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CHAPTER SUMMARY AND NOTES
In the second chapter, the eight guests arrive in Devon and travel together from there to Indian Island. Justice Wargrave and Miss Brent go ahead in a taxi to the boat dock while Vera Claythorne and Philip Lombard make small talk while waiting for the others on the next train. General Macarthur arrives next and travels with the two in another taxi. At the dock the five are joined by Mr. Blore, who quickly introduces himself as a Mr. Davis from South Africa. When the host and hostess of the island are mentioned, all the guests look uncomfortable, as none of them knows exactly what to expect. At the last moment, Anthony Marston arrives by car and joins them in the boat. The other guests are awed by Marston’s glamorous appearance and impressive car and liken him to a mythical God.
The driver of the boat, Fred Narracott, is just as puzzled by who the owner of the island could be, and wonders why such a strange mix of guests was assembled. As they land on Indian Island, several of the guests have uneasy feelings about what they see, even though the house seems luxurious. The butler greeting them announces that the host will be delayed until the following day, and all retire to their rooms until dinner.
Vera Claythorne discovers that the servants, Mr. and Mrs. Rogers, are no more acquainted with the owner of the island than she is, and thinks this is strange. She finds in her room the framed nursery rhyme of "Ten Little Indians," and believes it to be a clever tie-in with the name "Indian Island." The rhyme describes how ten Indians are killed one by one until finally none remains.
While he is waiting for dinner, Dr. Armstrong thinks about Justice Wargrave’s reputation as a shrewd judge. Justice Wargrave wonders about his supposed hostess, Constance Culmington. Anthony Marston takes a hot bath and looks forward to the comforts of food and drink. Mr. Blore thinks about the confidential job he has been hired to do on the island. General Macarthur feels strange and wants to leave Indian Island but realizes he must stay since the motor boat has already gone. Philip Lombard schemes about how he will enjoy his week’s stay. Emily Brent solemnly reads about the damnation of sinners in her Bible.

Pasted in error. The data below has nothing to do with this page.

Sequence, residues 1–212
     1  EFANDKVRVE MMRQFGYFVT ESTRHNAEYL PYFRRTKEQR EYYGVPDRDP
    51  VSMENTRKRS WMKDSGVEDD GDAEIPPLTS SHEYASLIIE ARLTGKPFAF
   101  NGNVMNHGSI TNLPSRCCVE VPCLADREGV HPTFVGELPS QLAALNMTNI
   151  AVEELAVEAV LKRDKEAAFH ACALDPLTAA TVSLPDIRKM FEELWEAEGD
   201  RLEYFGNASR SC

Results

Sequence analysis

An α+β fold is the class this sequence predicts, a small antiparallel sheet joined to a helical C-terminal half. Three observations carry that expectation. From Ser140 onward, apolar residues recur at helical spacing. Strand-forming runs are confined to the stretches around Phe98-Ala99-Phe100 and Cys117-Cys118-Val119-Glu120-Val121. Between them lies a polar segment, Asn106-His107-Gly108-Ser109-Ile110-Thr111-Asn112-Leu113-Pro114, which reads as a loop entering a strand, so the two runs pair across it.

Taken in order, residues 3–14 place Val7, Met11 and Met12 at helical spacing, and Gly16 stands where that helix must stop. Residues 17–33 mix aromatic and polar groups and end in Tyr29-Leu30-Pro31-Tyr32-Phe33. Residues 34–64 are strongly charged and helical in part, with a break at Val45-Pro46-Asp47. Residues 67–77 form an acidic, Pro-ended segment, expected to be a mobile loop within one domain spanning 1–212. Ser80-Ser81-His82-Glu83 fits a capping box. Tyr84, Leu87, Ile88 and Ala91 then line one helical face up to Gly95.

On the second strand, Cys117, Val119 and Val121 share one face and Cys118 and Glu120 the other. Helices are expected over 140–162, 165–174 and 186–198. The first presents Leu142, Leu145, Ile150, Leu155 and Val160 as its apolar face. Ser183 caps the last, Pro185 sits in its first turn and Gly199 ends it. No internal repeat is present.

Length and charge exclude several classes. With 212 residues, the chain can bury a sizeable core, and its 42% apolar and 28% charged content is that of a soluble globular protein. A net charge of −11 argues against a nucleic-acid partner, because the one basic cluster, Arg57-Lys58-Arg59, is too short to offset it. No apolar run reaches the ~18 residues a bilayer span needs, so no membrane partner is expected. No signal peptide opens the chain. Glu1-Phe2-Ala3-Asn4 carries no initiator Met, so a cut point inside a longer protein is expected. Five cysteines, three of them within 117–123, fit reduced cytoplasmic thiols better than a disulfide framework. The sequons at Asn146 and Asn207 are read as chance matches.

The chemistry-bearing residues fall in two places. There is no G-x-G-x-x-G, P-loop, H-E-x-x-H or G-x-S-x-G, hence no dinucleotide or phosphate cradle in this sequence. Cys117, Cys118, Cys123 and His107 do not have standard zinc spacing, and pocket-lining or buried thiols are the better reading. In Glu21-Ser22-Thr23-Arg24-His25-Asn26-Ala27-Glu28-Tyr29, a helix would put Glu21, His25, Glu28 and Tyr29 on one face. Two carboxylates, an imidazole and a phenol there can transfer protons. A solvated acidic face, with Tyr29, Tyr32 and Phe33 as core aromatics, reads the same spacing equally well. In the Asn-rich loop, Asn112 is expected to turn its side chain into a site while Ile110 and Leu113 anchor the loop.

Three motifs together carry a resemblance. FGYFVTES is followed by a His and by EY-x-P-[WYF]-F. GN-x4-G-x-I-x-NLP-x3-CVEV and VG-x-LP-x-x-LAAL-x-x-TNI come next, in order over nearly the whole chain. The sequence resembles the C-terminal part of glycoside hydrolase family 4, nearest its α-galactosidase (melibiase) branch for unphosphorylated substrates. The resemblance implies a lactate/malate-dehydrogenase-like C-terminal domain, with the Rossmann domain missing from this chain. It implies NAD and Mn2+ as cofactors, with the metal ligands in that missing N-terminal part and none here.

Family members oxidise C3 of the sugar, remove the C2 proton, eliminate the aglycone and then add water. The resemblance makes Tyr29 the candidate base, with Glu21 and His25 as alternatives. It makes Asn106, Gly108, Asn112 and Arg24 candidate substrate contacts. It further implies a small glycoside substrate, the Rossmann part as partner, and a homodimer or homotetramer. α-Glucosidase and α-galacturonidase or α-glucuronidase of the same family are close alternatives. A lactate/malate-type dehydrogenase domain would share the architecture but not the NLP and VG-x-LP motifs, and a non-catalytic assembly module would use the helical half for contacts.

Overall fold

Foreshadowing continues as an important literary tool in this chapter, building the reader’s anticipation for the doom to follow. When Vera Claythorne first sees Indian Island, it is very different from her expectation, and it seems ominous to her. Several of the other guests also feel uneasy when they arrive on the island. Undoubtedly the most powerful foreshadowing in this chapter is the introduction of the "Ten Little Indians" nursery rhyme. Vera Claythorne first discovers it in her room, and thinks it is nothing more than a clever connection to the name of the island, "Indian Island." But the reader knows better, as the rhyme describes how ten Indians are killed one by one until the last hangs himself and none are left. From the title of the book, "And Then There Were None," the connection to the fate of the ten people on the island is obvious to the reader.
The author closes the chapter by giving short descriptions of several characters’ thoughts and actions prior to dinner. Each person seems to be thinking mysterious, private thoughts, meant to make the reader feel that any one of them could be planning foul play. The author continues this pattern throughout the book to keep the reader guessing which character is the antagonist.